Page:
The underground station, like many stations on the Victoria line, was never completely finished. White ceiling panels were never fixed to the ceilings above the platforms; instead the steel tunnel segments were painted black and used to support the fixtures and fittings. This has had a detrimental effect on the lighting levels. There is a concrete stairway between the two escalators instead of a third escalator; this caused a hugely disruptive station closure for several weeks in 2004 when both escalators went out of service.

As Walthamstow is going through a building boom in the moment and traffic through the station will only increase, we must accept what’s done is done  and we must find a way of correcting the mistakes of the past!

We can do two main things.

1. The interchange routes between the two lines at Walthamstow Central can be made easier by the addition of escalators and/or lifts.

2. We must provide alternative routes that take the pressure off Walthamstow Central. One simple idea would be to reinstate the Hall Farm Curve, which would allow trains to go a reopened Lea Bridge station and the major transport interchange at Stratford, with access to two Underground lines and the DLR.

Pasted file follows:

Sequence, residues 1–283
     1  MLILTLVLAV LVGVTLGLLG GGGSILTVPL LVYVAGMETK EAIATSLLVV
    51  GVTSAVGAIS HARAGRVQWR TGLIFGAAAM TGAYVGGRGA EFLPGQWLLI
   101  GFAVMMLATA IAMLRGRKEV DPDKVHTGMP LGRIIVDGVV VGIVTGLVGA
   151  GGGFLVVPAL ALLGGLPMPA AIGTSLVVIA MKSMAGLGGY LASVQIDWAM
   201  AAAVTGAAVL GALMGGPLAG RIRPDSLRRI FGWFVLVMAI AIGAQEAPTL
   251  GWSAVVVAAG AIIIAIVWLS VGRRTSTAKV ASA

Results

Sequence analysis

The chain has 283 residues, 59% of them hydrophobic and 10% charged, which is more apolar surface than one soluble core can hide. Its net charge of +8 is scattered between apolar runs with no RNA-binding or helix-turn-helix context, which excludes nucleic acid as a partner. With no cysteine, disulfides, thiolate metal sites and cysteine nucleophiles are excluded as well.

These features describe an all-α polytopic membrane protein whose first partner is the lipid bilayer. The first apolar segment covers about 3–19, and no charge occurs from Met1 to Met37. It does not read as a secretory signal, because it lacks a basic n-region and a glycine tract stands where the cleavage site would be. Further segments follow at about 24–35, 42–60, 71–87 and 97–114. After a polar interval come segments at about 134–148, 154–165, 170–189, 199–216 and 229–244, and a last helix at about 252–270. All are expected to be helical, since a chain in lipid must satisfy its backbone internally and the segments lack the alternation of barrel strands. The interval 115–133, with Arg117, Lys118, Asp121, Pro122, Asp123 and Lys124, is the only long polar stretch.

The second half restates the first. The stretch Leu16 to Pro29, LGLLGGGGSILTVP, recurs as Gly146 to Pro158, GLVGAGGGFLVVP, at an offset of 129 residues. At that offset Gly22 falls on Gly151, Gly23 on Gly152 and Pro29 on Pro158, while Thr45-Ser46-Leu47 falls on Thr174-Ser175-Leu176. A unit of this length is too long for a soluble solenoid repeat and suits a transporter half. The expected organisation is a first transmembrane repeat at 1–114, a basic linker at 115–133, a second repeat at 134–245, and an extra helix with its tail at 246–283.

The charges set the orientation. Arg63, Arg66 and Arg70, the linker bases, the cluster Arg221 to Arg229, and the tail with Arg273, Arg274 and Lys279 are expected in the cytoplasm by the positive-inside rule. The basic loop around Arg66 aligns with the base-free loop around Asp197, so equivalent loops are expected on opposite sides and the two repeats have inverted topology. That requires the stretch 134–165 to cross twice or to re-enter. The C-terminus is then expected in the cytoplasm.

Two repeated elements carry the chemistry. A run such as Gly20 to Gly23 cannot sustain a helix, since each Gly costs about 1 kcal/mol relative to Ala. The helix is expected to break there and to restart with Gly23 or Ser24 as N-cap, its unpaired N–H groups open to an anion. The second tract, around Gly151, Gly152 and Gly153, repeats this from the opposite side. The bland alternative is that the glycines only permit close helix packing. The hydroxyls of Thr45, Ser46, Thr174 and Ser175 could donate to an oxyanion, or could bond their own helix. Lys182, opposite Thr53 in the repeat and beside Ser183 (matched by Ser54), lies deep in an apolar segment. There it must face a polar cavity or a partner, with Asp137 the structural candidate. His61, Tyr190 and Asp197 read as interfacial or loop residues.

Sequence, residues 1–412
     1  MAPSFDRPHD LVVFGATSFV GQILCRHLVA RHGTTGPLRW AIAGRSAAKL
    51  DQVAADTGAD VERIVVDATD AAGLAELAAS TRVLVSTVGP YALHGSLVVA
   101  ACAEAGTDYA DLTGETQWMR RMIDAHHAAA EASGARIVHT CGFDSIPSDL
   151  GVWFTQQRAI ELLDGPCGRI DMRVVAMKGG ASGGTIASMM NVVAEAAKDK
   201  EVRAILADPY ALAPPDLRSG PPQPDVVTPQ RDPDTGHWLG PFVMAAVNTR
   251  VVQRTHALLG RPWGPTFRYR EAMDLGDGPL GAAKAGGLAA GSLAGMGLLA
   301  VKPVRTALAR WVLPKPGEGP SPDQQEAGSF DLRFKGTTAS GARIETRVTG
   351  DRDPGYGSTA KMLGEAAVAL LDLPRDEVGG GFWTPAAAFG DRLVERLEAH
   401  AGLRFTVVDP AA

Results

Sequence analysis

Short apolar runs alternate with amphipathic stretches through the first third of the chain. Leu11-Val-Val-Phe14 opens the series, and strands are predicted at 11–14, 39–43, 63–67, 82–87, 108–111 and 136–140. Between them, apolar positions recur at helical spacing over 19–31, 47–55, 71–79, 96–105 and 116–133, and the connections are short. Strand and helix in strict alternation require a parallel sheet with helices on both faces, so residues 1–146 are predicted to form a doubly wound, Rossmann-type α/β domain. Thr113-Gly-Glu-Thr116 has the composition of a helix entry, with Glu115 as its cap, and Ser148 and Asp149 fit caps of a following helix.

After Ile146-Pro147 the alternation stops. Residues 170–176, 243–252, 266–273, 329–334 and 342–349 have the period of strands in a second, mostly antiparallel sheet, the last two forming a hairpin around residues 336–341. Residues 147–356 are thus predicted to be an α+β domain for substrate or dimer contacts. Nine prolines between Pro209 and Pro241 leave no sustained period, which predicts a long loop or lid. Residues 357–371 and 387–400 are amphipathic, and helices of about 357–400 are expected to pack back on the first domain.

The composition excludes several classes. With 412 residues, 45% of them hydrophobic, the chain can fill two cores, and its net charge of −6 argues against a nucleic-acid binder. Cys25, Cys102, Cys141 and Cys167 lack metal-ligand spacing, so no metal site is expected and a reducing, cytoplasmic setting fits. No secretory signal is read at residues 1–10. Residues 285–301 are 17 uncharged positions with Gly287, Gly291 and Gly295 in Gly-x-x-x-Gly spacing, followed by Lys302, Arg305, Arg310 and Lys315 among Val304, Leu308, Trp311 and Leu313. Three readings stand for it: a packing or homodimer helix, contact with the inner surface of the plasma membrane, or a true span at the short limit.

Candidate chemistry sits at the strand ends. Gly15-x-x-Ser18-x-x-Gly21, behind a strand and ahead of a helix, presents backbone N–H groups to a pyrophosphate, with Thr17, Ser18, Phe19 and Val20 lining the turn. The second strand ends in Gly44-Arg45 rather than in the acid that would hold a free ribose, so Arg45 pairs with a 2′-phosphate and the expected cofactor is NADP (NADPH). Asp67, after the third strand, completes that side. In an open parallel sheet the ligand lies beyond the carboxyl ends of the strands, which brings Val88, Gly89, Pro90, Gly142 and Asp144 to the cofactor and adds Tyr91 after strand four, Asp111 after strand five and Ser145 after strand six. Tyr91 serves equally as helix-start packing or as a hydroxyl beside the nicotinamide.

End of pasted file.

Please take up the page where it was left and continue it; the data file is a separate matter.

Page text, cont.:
As with many transport problems in London, I think that in 2018, London’s transport problems will change, with the arrival of the two biggest beasts of all; Crossrail and Thameslink.

1. Crossrail with its stations at Liverpool Street and Stratford will be fed directly by the Lea Valley Lines and pressure should be taken off the Victoria and Central Lines.

2. Thameslink calls at Finsbury Park, so will line be able to act as a bypass for those coming from Walthamstow and Chingford, who need to go to South London.

Hopefully all the changes will be for the better!


October 3, 2014 Posted by | Transport | , , , , | 1 Comment

Before Overground – Theobalds Grove

A Simple Station With Poor Access – Rating 4/10

Theobalds Grove is typical of the poorer stations on the Lea Valley Lines. It has long staircases geared to the fit, rudimentary facilities and no redeeming features.

There does at least seem to be some cafes in the shops outside the station. But none had any of the quality you get in those around my local station; Dalston Junction.

October 3, 2014 Posted by | Transport | , , | 1 Comment

Before Overground – Cheshunt

Cheshunt is the terminus of one of the branches of the Lea Valley Lines.

There is no severe access problems at this station, unless you’re changing from a train from the North to one of the local trains for say Hackney Downs. The timetable does seem to allow a generous fifteen minutes to catch the local train.

One thing that needs attention is the bus information and maps. I suppose we can’t really expect a company like Abellio Greater Anglia based in Norwich to know the intricacies of the buses in Hertfordshire. But will the information, after the takeover of the station by London Overground, be to London’s standard or that of Hertfordshire?

October 3, 2014 Posted by | Transport | , , , | Leave a comment